We believe that the medical profession should not aid and abet those who seek to undermine the right and responsibility of parents to be kept fully informed about the moral and physical welfare of their children.
I beg leave to present a petition from my constituents of Reigate, containing more than 1,300 signatures, as well as petitions on behalf of my hon. Friends the Members for Bradford, North (Mr. Lawler) and for Hayes and Harlington (Mr. Dicks).
The prayer from all these petitioners is identical to that already referred to and urges that parents should have a statutory right to be consulted before any contraceptives are given to their daughters under the age of 16.
We note that the Minister for Health has promised to review section G of the revised Health Service notice of 1980 containing the offending advice to doctors, but not until certain appeal proceedings before the courts are completed. In view of the strong feeling in the country, as evidenced by these petitions, we feel that there is every reason for him to commence that review immediately.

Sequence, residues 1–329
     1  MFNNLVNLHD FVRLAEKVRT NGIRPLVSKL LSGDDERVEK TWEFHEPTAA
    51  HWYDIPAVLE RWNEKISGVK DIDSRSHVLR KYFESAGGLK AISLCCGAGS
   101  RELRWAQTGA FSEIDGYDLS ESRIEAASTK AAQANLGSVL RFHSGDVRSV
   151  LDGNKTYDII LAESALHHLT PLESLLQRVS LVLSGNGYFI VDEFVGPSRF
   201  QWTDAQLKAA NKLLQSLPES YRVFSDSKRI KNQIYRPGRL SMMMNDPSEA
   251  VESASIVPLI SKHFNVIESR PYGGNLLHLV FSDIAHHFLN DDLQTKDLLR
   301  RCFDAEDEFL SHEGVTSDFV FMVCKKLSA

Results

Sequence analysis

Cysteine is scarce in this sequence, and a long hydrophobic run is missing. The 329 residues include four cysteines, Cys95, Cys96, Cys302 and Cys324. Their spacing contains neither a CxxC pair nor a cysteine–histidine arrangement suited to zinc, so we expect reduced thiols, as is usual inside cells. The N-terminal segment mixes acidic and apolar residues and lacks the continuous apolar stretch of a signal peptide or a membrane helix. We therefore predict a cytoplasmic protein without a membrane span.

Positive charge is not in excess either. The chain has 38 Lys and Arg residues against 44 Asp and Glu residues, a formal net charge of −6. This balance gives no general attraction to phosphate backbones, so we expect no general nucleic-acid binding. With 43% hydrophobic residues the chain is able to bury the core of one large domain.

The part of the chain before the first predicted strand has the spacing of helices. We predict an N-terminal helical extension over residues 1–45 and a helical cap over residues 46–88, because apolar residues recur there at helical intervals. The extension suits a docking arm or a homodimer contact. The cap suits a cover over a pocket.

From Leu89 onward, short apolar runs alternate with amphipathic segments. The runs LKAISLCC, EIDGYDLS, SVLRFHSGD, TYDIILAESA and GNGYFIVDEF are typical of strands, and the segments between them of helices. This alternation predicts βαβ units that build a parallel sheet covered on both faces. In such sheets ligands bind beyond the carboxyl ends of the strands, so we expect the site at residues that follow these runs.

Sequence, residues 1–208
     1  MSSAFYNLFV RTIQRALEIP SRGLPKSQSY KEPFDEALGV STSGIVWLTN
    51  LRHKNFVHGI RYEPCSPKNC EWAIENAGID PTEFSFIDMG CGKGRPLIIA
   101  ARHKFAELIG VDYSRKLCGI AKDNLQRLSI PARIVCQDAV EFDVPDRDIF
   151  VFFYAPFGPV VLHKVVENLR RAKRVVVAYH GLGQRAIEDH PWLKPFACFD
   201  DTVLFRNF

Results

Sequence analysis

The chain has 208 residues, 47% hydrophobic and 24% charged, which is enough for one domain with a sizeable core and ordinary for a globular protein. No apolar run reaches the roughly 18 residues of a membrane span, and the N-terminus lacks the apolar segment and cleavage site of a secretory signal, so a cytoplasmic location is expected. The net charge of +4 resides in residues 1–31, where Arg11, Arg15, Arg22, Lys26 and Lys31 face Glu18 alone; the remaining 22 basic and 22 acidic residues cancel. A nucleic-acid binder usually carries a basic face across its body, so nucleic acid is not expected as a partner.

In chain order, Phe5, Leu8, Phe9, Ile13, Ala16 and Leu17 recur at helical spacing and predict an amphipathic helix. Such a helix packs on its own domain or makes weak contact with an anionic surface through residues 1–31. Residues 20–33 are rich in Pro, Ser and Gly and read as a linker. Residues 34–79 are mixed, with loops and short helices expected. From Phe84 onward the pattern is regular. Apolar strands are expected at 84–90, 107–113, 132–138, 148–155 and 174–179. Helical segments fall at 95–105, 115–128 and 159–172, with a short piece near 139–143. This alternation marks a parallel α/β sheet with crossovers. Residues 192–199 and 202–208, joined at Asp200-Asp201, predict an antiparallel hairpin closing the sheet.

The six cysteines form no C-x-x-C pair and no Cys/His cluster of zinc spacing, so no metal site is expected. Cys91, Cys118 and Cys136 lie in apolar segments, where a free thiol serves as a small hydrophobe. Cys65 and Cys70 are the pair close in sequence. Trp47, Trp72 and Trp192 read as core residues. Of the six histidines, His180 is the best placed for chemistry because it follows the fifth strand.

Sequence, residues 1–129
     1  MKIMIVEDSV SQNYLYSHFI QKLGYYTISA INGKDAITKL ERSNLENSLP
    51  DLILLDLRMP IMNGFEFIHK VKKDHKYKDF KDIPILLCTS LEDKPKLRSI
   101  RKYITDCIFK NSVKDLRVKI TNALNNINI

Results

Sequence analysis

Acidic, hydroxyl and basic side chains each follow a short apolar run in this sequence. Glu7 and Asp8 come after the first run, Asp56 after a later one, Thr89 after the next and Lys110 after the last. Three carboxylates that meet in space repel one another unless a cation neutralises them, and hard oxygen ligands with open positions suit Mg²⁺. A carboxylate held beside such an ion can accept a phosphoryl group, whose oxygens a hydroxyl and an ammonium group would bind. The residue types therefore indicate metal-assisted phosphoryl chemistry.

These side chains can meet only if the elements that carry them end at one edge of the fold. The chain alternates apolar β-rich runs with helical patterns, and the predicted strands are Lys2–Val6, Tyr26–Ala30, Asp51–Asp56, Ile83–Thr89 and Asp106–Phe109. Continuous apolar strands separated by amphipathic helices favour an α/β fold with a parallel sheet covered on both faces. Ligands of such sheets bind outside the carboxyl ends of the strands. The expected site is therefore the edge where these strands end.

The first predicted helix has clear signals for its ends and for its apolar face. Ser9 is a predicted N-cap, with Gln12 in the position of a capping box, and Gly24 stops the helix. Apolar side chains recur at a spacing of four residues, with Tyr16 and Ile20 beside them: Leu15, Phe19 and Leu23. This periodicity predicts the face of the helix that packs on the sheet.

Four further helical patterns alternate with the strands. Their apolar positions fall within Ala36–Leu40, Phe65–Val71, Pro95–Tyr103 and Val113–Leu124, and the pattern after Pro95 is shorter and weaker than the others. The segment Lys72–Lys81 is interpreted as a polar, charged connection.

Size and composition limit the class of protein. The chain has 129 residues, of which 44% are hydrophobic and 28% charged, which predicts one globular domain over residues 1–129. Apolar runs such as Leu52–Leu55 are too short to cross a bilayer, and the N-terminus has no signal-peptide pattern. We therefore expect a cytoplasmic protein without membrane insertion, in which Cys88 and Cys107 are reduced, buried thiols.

I beg leave to present a petition which is identical to those which have already been introduced this morning. Therefore, I shall not delay the House by reading its contents. The petition is on behalf of a large number of my constituents in Reading, East. So far there have been 372 petitions presented to the House on this subject representing the views of well over 500,000 people. I am glad to be associated with these petitions.
I beg leave to present a petition which is in identical terms to those which have already been presented today. I present a petition on behalf of Mrs. P. A. Gray of 32, Eastholm, London NW11, and a further 530 of my constituents in Hendon, South, all of whom have appended their signatures to the petition in a demonstration of their concern about and opposition to the 1980 DHSS revised Health Service notice, section G, which advises doctors that they may provide contraceptive drugs or devices to girls under the age of consent without their parents being consulted.